Three distinct foreign influences may be distinguished: they originate in Egypt, in Assyria, and in the Aegean.
He finds Assyria and the Mounds of Cholula at his door, and himself has laid the courses.
Historical data, however, do not furnish very early mention of his name in Assyria.
Could this be said of Assyria, and shall it not be said of England?
As for circular and polygonal rooms, none have been found in Assyria, but a few square ones have been disinterred.
Assyria, more rugged in character, did not enjoy the same advantages.
The lion was another sun-animal both in Egypt and in Chaldea and Assyria.
Many such customs must have been in vogue in Babylonia and Assyria.
So the king of Assyria turned back, and stayed not there in the land.
Ishme-Dagan, king of Assyria, evidence of age of Dagan cult, 208.
Middle English, from Latin Assyria, from Greek Assyria, short for Assyria ge "the Assyrian land," from fem. of Assyrios "pertaining to Assyria," from Akkadian Ashshur, name of the chief city of the kingdom and also of a god, probably from Assyrian sar "prince." (See also Syria).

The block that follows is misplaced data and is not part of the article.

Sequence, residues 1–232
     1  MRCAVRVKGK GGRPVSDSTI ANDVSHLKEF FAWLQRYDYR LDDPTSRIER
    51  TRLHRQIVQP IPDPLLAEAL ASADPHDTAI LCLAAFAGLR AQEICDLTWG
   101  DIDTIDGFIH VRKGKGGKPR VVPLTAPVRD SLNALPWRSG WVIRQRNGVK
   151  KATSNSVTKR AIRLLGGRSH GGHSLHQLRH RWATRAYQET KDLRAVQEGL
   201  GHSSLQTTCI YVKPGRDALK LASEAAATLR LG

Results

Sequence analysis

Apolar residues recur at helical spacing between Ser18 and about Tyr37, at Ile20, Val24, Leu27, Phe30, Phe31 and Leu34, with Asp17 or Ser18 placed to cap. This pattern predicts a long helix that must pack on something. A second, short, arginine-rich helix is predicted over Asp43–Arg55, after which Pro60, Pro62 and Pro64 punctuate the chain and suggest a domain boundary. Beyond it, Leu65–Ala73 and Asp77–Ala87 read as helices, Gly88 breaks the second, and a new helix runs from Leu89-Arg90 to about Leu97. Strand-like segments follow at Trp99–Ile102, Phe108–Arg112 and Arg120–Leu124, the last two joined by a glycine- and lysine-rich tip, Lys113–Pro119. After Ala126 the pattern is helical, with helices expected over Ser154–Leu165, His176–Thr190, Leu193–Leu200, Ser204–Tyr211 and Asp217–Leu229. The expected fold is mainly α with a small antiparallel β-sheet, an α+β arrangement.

the name derived from the city Asshur on the Tigris, the original capital of the country, was originally a colony from Babylonia, and was ruled by viceroys from that kingdom. It was a mountainous region lying to the north of Babylonia, extending along the Tigris as far as to the high mountain range of Armenia, the Gordiaean or Carduchian mountains. It was founded in B.C. 1700 under Bel-kap-kapu, and became an independent and a conquering power, and shook off the yoke of its Babylonian masters. It subdued the whole of Northern Asia. The Assyrians were Semites (Gen. 10:22), but in process of time non-Semite tribes mingled with the inhabitants. They were a military people, the "Romans of the East." Of the early history of the kingdom of Assyria little is positively known. In B.C. 1120 Tiglath-pileser I., the greatest of the Assyrian kings, "crossed the Euphrates, defeated the kings of the Hittites, captured the city of Carchemish, and advanced as far as the shores of the Mediterranean." He may be regarded as the founder of the first Assyrian empire. After this the Assyrians gradually extended their power, subjugating the states of Northern Syria. In the reign of Ahab, king of Israel, Shalmaneser II. marched an army against the Syrian states, whose allied army he encountered and vanquished at Karkar. This led to Ahab's casting off the yoke of Damascus and allying himself with Judah. Some years after this the Assyrian king marched an army against Hazael, king of Damascus. He besieged and took that city. He also brought under tribute Jehu, and the cities of Tyre and Sidon. About a hundred years after this (B.C. 745) the crown was seized by a military adventurer called Pul, who assumed the name of Tiglath-pileser III. He directed his armies into Syria, which had by this time regained its independence, and took (B.C. 740) Arpad, near Aleppo, after a siege of three years, and reduced Hamath. Azariah (Uzziah) was an ally of the king of Hamath, and thus was compelled by Tiglath-pileser to do him homage and pay a yearly tribute. In B.C. 738, in the reign of Menahem, king of Israel, Pul invaded Israel, and imposed on it a heavy tribute (2 Kings 15:19). Ahaz, the king of Judah, when engaged in a war against Israel and Syria, appealed for help to this Assyrian king by means of a present of gold and silver (2 Kings 16:8); who accordingly "marched against Damascus, defeated and put Rezin to death, and besieged the city itself." Leaving a portion of his army to continue the siege, "he advanced through the province east of Jordan, spreading fire and sword," and became master of Philistia, and took Samaria and Damascus. He died B.C. 727, and was succeeded by Shalmanezer IV., who ruled till B.C. 722. He also invaded Syria (2 Kings 17:5), but was deposed in favour of Sargon (q.v.) the Tartan, or commander-in-chief of the army, who took Samaria (q.v.) after a siege of three years, and so put an end to the kingdom of Israel, carrying the people away into captivity, B.C. 722 (2 Kings 17:1-6, 24; 18:7, 9). He also overran the land of Judah, and took the city of Jerusalem (Isa. 10:6, 12, 22, 24, 34). Mention is next made of Sennacherib (B.C. 705), the son and successor of Sargon (2 Kings 18:13; 19:37; Isa. 7:17, 18); and then of Esar-haddon, his son and successor, who took Manasseh, king of Judah, captive, and kept him for some time a prisoner at Babylon, which he alone of all the Assyrian kings made the seat of his government (2 Kings 19:37; Isa. 37:38). Assur-bani-pal, the son of Esarhaddon, became king, and in Ezra 4:10 is referred to as Asnapper. From an early period Assyria had entered on a conquering career, and having absorbed Babylon, the kingdoms of Hamath, Damascus, and Samaria, it conquered Phoenicia, and made Judea feudatory, and subjected Philistia and Idumea. At length, however, its power declined. In B.C. 727 the Babylonians threw off the rule of the Assyrians, under the leadership of the powerful Chaldean prince Merodach-baladan (2 Kings 20:12), who, after twelve years, was subdued by Sargon, who now reunited the kingdom, and ruled over a vast empire. But on his death the smouldering flames of rebellion again burst forth, and the Babylonians and Medes successfully asserted their independence (B.C. 625), and Assyria fell according to the prophecies of Isaiah (10:5-19), Nahum (3:19), and Zephaniah (3:13), and the many separate kingdoms of which it was composed ceased to recognize the "great king" (2 Kings 18:19; Isa. 36:4). Ezekiel (31) attests (about B.C. 586) how completely Assyria was overthrown. It ceases to be a nation. (See NINEVEH ØT0002735; BABYLON.)